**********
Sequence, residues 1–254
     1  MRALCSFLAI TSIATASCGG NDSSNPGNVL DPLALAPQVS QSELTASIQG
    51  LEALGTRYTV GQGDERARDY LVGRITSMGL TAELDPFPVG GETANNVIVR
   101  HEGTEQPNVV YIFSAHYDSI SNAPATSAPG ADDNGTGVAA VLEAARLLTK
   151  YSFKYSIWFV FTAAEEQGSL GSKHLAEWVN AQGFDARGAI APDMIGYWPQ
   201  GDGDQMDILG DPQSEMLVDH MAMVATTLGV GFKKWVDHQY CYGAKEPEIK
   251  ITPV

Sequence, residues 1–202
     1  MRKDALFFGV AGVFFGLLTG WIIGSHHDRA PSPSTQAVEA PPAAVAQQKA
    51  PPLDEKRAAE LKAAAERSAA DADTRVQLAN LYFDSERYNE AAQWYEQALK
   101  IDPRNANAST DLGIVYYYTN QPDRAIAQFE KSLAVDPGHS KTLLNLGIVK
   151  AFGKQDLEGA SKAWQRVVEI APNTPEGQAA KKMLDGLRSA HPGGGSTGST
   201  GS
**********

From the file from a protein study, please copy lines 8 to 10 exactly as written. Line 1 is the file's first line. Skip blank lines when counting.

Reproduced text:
Sequence, residues 1–202
     1  MRKDALFFGV AGVFFGLLTG WIIGSHHDRA PSPSTQAVEA PPAAVAQQKA
    51  PPLDEKRAAE LKAAAERSAA DADTRVQLAN LYFDSERYNE AAQWYEQALK